It's good to be a server in San Francisco, and the plethora of award-winning restaurants isn't the only reason.
After a January 1 increase, San Francisco now has the highest minimum wage in the country, clocking in at a whopping $10.55 an hour. The previous rate was $10.24, which was five cents shy of Santa Fe's. But with the increase, San Francisco now leads the nation.
As reported by the Examiner, voters approved a 2003 local ordinance tying the minimum wage to the regional rate of inflation. The minimum wage has thus increased annually from $8.50 an hour in 2004.
Though praised by many, the generous rate has also been criticized for allegedly pushing businesses out of the city.
Celebrity Chef Elizabeth Falkner detailed some of the unfortunate side effects of a high minimum wage in an interview with The Huffington Post.
"San Francisco is hard on a chef," Falkner told HuffPost. "Between the unbelievably high rent, Healthy San Francisco and now the highest minimum wage in the country, there's just no margin."
Falkner credited the recent restaurant boom in Oakland with the unaffordability of San Francisco.
"We have a Board of Supervisors right now that keeps putting these initiatives on the ballot and of course people vote for them--who doesn't want to raise the minimum wage?" she said.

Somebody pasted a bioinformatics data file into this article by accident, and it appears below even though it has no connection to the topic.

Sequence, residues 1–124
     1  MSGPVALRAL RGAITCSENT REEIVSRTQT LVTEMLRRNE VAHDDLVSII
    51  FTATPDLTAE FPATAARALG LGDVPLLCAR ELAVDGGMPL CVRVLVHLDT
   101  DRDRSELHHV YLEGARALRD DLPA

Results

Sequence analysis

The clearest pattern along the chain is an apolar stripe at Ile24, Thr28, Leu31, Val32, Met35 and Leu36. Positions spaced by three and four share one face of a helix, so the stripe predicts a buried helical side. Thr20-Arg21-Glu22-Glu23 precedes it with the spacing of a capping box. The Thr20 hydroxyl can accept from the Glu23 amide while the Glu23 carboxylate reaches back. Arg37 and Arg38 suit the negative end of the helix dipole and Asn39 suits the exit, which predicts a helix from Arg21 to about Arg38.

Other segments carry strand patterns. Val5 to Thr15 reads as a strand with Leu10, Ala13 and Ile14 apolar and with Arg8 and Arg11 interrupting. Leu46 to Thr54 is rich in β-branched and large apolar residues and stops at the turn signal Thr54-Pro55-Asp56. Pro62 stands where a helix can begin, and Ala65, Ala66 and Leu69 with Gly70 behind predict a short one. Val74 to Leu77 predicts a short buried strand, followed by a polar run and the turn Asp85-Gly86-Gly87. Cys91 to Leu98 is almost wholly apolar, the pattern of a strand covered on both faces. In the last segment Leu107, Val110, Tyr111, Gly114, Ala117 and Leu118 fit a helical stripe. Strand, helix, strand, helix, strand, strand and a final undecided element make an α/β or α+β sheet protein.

After closing her San Francisco restaurants, Falkner recently moved her empire to New York, where the minimum wage is $7.25 an hour.
The Examiner cited conflicting studies on the effects of a high minimum wage, including a UC Berkeley study suggesting that a wage increase has no impact on the number of jobs, and a University of Kentucky study suggesting that wage increases also increase unemployment among young workers.
"[The minimum wage increase] eliminates people from getting their foot on the first rung of the ladder," said Bill Hermann, an economist at Golden Gate University, in an interview with ABC Local.
Living wage activists argue that the increase means employees will be spending more, adding a boost to our economy.
"You know that those workers turn around a spend that money," said Conny Ford of the San Francisco Labor Council in the same video. "So it helps San Francisco in our economic growth."
What do you think of the increase? Let us know in the poll below, and watch ABC's video on the new wage.